year = "2016",
language = "English",
volume = "1",
journal = "Australian Journal of Clinical Education",
issn = "2207-4791",
number = "1",

}

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T1 - Is a students’ ability to critically self-reflect, related to their performance on physiotherapy clinical placements?

AU - Brooks, Sarah

AU - Milne, Nikki

AU - Orr, Rob Marc

AU - Terry, Rebecca

PY - 2016

Y1 - 2016

N2 - Background. The relationship between students’ reflective ability and performance onphysiotherapy clinical placement is currently unclear.Objectives. To investigate: i) if a relationship exists between students’ critical reflective abilityand performance on physiotherapy clinical placement; and whether these relationships differ byii) Critical reflective task (CRT) rank grade or, iii) by gender.Design. An observational cohort study design.Methods. Critical Reflection Task (CRT) marks and clinical placement (APP) scores from 196(F=94; M=102) post-graduate, entry-level physiotherapy students were analyzed.Results. A significant moderate predictive relationship was found between CRT marks and APPscores (r=.411, p<.001) with the CRT accounting for 16.9% of the variance in APP scores(r2=.169, SEE=12.79). There was a weak positive correlation between ‘CRT rank grade’ and APPscores (rs=.371, p<0.001). Significant differences in APP scores existed between groups basedon ‘CRT rank-grades’ with students achieving a ‘High Distinction’ on CRT achieving significantlyhigher mean APP scores than those in other grade groups. Females had significantly higher meanCRT grades than males (female mean=79.73±13.34%; male mean =76.46±15.09%;t(862.12)=3.38, p=.001). The relationship between CRT and APP was stronger for males thanfemales across all core subjects. CRT grades for males accounted for a higher percentage of thevariance of the APP grades than for females.Conclusions. A significant positive relationship between students’ critical-reflective ability andclinical practice performance (aligned to physiotherapy practice thresholds) exists. Furtherresearch is needed to determine whether facilitating students’ self-reflection skills may enhanceclinical performance for health professional students.

AB - Background. The relationship between students’ reflective ability and performance onphysiotherapy clinical placement is currently unclear.Objectives. To investigate: i) if a relationship exists between students’ critical reflective abilityand performance on physiotherapy clinical placement; and whether these relationships differ byii) Critical reflective task (CRT) rank grade or, iii) by gender.Design. An observational cohort study design.Methods. Critical Reflection Task (CRT) marks and clinical placement (APP) scores from 196(F=94; M=102) post-graduate, entry-level physiotherapy students were analyzed.Results. A significant moderate predictive relationship was found between CRT marks and APPscores (r=.411, p<.001) with the CRT accounting for 16.9% of the variance in APP scores(r2=.169, SEE=12.79). There was a weak positive correlation between ‘CRT rank grade’ and APPscores (rs=.371, p<0.001). Significant differences in APP scores existed between groups basedon ‘CRT rank-grades’ with students achieving a ‘High Distinction’ on CRT achieving significantlyhigher mean APP scores than those in other grade groups. Females had significantly higher meanCRT grades than males (female mean=79.73±13.34%; male mean =76.46±15.09%;t(862.12)=3.38, p=.001). The relationship between CRT and APP was stronger for males thanfemales across all core subjects. CRT grades for males accounted for a higher percentage of thevariance of the APP grades than for females.Conclusions. A significant positive relationship between students’ critical-reflective ability andclinical practice performance (aligned to physiotherapy practice thresholds) exists. Furtherresearch is needed to determine whether facilitating students’ self-reflection skills may enhanceclinical performance for health professional students.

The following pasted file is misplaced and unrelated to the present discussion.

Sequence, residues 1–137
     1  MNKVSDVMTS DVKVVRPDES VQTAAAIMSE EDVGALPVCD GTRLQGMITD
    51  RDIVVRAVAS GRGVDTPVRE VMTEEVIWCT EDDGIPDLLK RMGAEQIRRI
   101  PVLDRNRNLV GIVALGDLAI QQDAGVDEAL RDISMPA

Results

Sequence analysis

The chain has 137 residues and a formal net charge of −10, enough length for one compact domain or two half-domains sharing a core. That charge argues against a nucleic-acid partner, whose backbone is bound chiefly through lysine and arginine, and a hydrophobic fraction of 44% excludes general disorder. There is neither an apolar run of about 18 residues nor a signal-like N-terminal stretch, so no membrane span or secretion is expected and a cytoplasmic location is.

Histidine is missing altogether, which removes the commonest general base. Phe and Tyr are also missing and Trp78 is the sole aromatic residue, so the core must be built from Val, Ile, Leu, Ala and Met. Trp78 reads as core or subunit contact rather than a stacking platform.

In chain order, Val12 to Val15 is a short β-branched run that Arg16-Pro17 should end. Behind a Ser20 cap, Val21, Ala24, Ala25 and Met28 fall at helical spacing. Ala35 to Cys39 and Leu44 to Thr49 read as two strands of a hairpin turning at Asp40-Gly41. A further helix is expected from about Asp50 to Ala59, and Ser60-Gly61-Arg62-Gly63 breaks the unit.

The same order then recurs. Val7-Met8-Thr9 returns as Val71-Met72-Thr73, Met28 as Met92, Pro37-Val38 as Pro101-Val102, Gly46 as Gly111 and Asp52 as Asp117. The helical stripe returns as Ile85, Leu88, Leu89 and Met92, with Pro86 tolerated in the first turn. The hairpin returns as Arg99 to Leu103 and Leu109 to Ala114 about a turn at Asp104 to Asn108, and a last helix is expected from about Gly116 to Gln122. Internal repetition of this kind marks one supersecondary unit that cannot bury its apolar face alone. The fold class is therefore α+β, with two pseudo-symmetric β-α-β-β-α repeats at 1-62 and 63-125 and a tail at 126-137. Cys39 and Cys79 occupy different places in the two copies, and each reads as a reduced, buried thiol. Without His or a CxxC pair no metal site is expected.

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VL - 1

JO - Australian Journal of Clinical Education

JF - Australian Journal of Clinical Education

SN - 2207-4791